But Cooper credited a new electronic tracking of medications containing the key ingredient in meth - pseudoephedrine - for helping stop illegal sales and for leading law enforcement to meth makers.
"Prevention efforts have helped hold down the number of larger meth labs but small ones are still very dangerous," Cooper said at a news conference Tuesday. "We need more law enforcement, better public awareness, and continued use of technology to fight this crime."
Meth lab busts involving the SBI climbed to 460 in 2012 - up from 344 the year before. Cooper said most of the 2012 cases involved "one pot" meth labs. That's where criminals often use a plastic soda bottle to cook their concoctions.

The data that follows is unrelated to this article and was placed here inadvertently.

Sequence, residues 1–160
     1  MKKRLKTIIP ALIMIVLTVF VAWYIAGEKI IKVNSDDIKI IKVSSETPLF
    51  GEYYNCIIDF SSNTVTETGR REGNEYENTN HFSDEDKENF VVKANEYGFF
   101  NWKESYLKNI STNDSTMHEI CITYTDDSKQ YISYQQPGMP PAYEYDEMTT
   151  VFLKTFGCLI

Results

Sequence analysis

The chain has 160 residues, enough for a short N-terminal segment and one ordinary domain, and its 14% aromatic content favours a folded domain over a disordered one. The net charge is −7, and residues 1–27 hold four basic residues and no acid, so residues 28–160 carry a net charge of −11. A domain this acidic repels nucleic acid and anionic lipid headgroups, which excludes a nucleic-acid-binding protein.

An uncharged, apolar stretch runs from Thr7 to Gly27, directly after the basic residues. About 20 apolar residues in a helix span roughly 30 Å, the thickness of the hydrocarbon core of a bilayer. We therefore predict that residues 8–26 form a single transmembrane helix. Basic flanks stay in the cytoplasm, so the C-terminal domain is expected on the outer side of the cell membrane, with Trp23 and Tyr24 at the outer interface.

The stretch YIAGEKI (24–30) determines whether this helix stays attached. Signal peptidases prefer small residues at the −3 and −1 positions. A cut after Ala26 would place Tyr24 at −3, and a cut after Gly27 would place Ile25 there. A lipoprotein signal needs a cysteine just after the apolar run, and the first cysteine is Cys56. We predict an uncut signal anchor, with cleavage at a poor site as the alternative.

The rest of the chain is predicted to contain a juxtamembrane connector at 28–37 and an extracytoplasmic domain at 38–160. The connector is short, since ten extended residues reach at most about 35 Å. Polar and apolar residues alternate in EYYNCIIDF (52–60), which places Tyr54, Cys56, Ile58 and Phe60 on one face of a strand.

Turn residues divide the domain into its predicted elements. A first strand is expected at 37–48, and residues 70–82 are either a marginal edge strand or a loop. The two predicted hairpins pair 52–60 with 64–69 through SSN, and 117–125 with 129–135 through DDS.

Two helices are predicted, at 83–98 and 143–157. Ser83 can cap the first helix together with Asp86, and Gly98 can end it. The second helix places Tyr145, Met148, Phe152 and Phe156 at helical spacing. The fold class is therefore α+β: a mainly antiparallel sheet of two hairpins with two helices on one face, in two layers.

"Meth labs may be getting smaller, but that doesn't mean that they're any less dangerous," Cooper said. "If you see a potential meth lab - and it could be something as simple as a plastic soda bottle and some tubing - report it to local law enforcement right away."
A legislative committee in North Carolina voted unanimously last month for lawmakers to consider a law requiring a prescription for cold medicines containing pseudoephedrine to help crack down on the meth problem.
Current North Carolina law limits purchases of products that contain pseudoephedrine to no more than two packages at once and no more than three packages within 30 days. Purchasers must show a photo ID and sign a log. The law also requires that all pills containing pseudoephedrine and ephedrine be placed behind a pharmacy counter.
Meth labs often lead behind a toxic meth that can be extremely hazardous to public health. They can also cause fires and explosions.